In 2009, Mr. Blackmore and Mr. Oler, who represents a rival community at Bountiful, were arrested, again on accusations of polygamy. Once again, the matter never proceeded to trial.

But circumstances have changed. The RCMP have fresh evidence of criminal activity, says the CJB. According to its statement Wednesday, Mr. Blackmore allegedly “practised a form of polygamy, or practised a kind of conjugal union” with 24 women. Mr. Oler is alleged to have practised a form of polygamy with four.

In addition, Crown prosecutors now have at their disposal a lengthy and finely detailed analysis of Bountiful, its polygamous practice and the law. Written in 2011 by B.C.’s Chief Justice, Robert Bauman, at the end of a long constitutional reference case initiated by the province, the document is described as “the most comprehensive judicial record on the subject ever produced.”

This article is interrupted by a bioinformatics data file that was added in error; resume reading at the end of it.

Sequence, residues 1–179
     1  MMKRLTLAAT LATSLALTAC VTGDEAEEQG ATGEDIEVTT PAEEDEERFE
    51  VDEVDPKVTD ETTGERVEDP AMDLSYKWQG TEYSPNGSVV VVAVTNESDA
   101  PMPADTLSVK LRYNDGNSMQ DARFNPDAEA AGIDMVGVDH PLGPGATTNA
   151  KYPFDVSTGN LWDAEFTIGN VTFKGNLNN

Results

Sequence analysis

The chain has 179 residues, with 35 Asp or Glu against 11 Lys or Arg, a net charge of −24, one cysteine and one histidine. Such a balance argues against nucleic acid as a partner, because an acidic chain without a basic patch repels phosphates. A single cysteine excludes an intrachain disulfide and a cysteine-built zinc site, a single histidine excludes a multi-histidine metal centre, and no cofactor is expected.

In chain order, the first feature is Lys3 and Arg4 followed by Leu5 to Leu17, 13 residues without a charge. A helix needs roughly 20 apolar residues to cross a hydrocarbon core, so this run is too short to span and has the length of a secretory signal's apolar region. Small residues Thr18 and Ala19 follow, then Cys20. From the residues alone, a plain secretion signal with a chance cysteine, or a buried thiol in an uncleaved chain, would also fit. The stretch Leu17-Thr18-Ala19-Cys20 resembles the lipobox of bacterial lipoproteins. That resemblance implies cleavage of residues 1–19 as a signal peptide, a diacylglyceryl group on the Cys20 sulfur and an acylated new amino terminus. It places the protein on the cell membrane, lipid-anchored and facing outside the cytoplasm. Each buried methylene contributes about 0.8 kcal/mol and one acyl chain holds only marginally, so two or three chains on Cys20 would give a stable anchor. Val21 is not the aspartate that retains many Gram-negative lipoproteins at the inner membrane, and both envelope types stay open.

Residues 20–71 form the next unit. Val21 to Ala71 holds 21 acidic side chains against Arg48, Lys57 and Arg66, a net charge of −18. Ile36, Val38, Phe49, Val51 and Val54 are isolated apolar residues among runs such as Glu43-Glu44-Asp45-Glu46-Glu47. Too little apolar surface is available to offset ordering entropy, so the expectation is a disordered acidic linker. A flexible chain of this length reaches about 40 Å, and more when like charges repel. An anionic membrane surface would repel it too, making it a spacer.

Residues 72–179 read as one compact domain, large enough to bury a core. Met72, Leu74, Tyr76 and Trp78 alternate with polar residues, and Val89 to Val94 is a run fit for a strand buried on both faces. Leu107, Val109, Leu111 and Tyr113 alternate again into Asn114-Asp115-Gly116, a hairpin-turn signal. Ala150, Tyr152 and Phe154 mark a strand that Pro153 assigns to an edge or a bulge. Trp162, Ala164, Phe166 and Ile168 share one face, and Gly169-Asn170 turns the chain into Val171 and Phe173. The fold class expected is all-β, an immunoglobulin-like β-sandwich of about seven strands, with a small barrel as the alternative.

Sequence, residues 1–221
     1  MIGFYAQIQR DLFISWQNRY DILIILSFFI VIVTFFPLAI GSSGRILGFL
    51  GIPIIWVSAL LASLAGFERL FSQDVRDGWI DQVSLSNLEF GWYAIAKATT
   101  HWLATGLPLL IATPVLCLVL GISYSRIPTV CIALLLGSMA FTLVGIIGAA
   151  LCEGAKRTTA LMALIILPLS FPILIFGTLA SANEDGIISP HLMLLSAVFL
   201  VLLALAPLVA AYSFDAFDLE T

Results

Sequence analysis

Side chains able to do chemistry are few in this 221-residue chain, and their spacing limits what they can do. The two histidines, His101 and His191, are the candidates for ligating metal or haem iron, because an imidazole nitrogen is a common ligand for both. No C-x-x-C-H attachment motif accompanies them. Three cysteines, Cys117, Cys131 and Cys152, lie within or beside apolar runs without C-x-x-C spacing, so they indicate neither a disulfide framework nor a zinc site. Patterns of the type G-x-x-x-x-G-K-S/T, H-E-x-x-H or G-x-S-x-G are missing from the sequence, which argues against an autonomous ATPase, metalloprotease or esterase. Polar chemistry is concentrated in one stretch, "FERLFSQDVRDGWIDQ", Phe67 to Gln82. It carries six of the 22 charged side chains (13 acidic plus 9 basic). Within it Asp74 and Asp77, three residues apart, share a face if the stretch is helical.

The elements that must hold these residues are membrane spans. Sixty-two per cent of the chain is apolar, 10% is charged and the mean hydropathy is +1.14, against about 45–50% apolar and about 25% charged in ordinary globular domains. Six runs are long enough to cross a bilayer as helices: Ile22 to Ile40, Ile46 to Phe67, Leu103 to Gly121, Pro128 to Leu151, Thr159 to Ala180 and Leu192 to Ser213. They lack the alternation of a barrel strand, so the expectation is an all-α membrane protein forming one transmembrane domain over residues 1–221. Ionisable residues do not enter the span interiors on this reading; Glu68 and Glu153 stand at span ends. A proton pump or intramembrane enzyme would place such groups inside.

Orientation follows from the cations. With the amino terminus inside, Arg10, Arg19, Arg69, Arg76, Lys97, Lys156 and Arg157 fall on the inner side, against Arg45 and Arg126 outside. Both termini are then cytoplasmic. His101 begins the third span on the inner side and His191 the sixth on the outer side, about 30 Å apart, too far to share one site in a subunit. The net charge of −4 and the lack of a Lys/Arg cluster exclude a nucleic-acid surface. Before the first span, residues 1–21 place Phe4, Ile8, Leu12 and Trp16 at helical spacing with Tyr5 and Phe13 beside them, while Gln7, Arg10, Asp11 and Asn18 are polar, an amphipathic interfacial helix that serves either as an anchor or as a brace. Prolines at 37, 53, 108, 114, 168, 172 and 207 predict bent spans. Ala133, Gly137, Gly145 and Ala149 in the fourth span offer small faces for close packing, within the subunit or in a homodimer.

Those are Chief Justice Bauman’s own words. But the assessment is fair.

He was asked to declare whether Canada’s longstanding but seldom-used anti-polygamy law is consistent with the freedoms guaranteed by the Charter. After hearing from dozens of expert witnesses and former sect members over five months, he described in his lengthy report what really goes on at Bountiful, and dismissed claims that the community — which remains divided by two competing factions, one controlled by Mr. Blackmore, the other represented by Mr. Oler — is free of abuse and harm.

Harm is what the Bountiful question is really all about, Chief Justice Bauman concluded. “Harm to women, to children, to society and to the institution of monogamous marriage.”

Specifically, he found that women in polygamous relationships “are at an elevated risk of physical and psychological harm. They face higher rates of domestic violence and abuse, including sexual abuse.”

Meanwhile children in polygamous families “face higher infant mortality. … They tend to suffer more emotional, behavioural and physical problems, and well as lower educational achievement than children in monogamous families.” Early marriage for girls, frequently to older men, is common, wrote the judge.